Days after linking arms with players in a show of solidarity, Detroit Lions owner Martha Ford reportedly asked her team not to kneel during the singing of the national anthem.
Ford, 92, made the request during a team meeting last week, the Detroit Free Press reported, offering players monetary donations to the cause of their choice in exchange for them finding a different way to protest racial injustice.
“As a team, we came together, talked to Mrs. Ford, the owners, and we understand the issues, for the most part, generally,” running back Ameer Abdullah said. “Me personally, I definitely want to be an aid in growing the social awareness in this country, that it is a race problem in this country.”
“We do dance around the topic a lot and Mrs. Ford has come forward and said that as long as we compromise as a team and unify and make a unified demonstration, she will back us financially,” Abdullah added. “So I’m definitely going to hold her to her word.”
More than 200 NFL players and team owners refused to stand for the national anthem last month after President Donald Trump attacked players who kneeled in protest and urged the league to fire the “sons of b-tches” who do so. Former San Francisco 49er Colin Kaepernick drew backlash when he first knelt during the 2016 season in an effort to speak out against racial injustice and police brutality in America.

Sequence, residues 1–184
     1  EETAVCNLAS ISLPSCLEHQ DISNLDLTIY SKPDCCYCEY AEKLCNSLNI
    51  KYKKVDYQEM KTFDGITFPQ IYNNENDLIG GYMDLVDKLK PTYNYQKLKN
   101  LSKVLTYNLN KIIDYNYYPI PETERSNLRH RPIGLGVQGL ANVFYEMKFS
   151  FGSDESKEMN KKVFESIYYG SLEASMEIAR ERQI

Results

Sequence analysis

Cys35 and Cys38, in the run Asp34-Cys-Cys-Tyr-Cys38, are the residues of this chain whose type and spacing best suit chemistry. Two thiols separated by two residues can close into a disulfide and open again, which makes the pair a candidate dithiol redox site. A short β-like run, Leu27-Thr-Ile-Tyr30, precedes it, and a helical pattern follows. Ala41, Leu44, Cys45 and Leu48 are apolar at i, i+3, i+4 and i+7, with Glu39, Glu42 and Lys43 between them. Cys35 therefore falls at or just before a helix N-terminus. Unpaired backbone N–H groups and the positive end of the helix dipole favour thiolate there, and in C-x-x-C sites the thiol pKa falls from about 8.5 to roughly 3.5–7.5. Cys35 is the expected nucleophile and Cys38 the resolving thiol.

The Detroit Free Press reported that Abdullah was one of eight players who took a knee during the anthem before their loss to the Atlanta Falcons last week. On Sunday, Sept. 1, linebackers Steve Longa and Jalen Reeves-Maybin were the only players to take a knee as the rest of the team stood and linked arms.
Ford wasn’t seen on the sidelines at this weekend’s game.
Some Lions players expressed satisfaction with the owner’s offer, saying the trade-off would be worthwhile if Ford was actually able to enact change in the community and on issues close to players’ hearts.
“As far as the kneeling, she just I guess felt like there was better ways to get the point across,” defensive end Cornelius Washington told the newspaper. “And at this point, people know what we’re kneeling for so now trying to take that next step in the plan of action to foster change is, that’s the next part and that’s the part she’s willing to get behind.”
“I don’t think it’s a cure-all kind of thing, but it’s a step in the right direction,” Washington added. “And then for somebody as powerful as her to say to come in and say she’ll stand up and she’ll back and put her name on whatever it is that we want to do, whatever it is that we want to attack, try to bring some real change about for the issues, to me that’s big.”